Laying emphasis on the prevention and treatment of the present diseases, especially infectious diseases, and stressing on popularizing hygienic knowledge

The International Medical Journal recorded numerous articles about the medical cases and discussions of daily diseases, especially provided theory and experience of Western medicine systemically for the diagnosis, treatment, and precautionary measures of infectious diseases. It also gave a full introduction to the spread of public health knowledge. During the late Qing Dynasty and the early Republic of China, there were outbreak of infectious diseases such as tuberculosis, plague, cholera, and bloody dysentery. This journal published over 40 papers about tuberculosis and discussed many aspects including pathogenesis, symptoms, process, bacteria feature, and suitable environment, as well as route of infection, therapy, and preventions.[4] For example, there were Rescue Regulation for Tuberculosis and Preventative Measures for Tuberculosis. During the outbreak of plague, the press gave special report. Doctors started to reflect and explore the source of plague spread. Thus, doctors discussed and focused more on how to enhance and spread public health knowledge and promote the health service. There were several relevant papers such as Theory of Plague and Discussion on China Implementing Diseases Prevention Sanitary Measure. This journal also gave systemic introduction to public epidemic prevention. It was, thus, clear that the prevention and treatment of infectious diseases had always been emphasized in the development of medical history. For example, in the prevention of tuberculosis, it talked about the importance of personal hygiene, diet, and keeping in a good mood. In the aspect of public health prevention, it suggested to set the spittoon and disinfect public places, emphasized that government prohibition was necessary to put an end to bad habits and infection source, and called for compliance from the public in the perspective of social morality. More suggestions included setting up quarantine office at trading ports, epidemic diseases should be treated at special department in hospital, and patients should be treated in isolation. Moreover, it suggested to have health education class in schools and inspected the food and beverage on the market. It called for the establishment of public health system featuring improving public environment and strengthening the prevention and control capacity of infectious diseases.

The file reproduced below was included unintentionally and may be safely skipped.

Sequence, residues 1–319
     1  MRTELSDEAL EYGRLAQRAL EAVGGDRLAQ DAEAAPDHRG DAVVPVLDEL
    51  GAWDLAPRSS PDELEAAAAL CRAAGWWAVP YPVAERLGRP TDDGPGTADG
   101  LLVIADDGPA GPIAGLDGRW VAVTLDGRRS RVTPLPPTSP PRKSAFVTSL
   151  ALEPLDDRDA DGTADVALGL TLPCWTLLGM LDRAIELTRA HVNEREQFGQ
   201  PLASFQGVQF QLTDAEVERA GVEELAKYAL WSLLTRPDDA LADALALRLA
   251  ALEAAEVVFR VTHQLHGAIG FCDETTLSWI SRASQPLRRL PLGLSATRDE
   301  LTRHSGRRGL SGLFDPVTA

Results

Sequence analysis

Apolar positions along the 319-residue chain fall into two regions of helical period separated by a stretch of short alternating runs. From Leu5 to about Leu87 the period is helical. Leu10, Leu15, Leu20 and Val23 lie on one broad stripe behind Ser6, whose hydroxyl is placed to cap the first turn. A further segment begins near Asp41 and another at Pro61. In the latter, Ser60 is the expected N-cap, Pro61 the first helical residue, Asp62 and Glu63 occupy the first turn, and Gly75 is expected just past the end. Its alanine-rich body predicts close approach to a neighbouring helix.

In addition, this journal also laid emphasis on psychotherapy and Chinese medicine ethics, and introduced the classification, features, and premise of psychotherapy.

  Conclusion Top

The International Medical Journal was a prominent journal on introducing Western medicine in the late Qing Dynasty and the early Republic of China. It was founded relatively early, distributed in a wide range, and published longer with rich contents, thus providing us precious historical materials for further exploration. It had promoted the spread of Western knowledge in China and boosted the improvement and transformation of Chinese medicine in modern times. Moreover, it bridged the gap between Chinese and Western medicine in mutual exchanges and facilitated the concept transformation of modern Chinese medicine. The theory and experience of disease prevention and treatment recorded are still providing high referential value in current medical field.

Translator Guo-Qi Shi (石国旗)



Conflicts of interest


  References Top

Xiao HY, Wang BF. Centennial journal of traditional Chinese and western medicine, medical memoir during the Republican period – In memory of the centenary founding of the International Medical Journal by Ding Fubao. Chin Med Cult 2010;5:51-3.  Back to cited text no. 1
Yi GQ. Outline of Ding Fubao's Life and his works. Knowl Anc Med Lit 2003; 20:14-5.  Back to cited text no. 2
Zhang S. Ding Fubao and modern eastward transmission of western medicine. J Jiangsu Inst Educ 2013; 29:89-94.  Back to cited text no. 3
Guo YJ. The International Medical Journal under perspective of modern knowledge transformation (1910-1930) [dissertation]. [Zhengzhou]: Zhengzhou Univ 2019. pp.17-18.  Back to cited text no. 4


  [Figure 1], [Figure 2]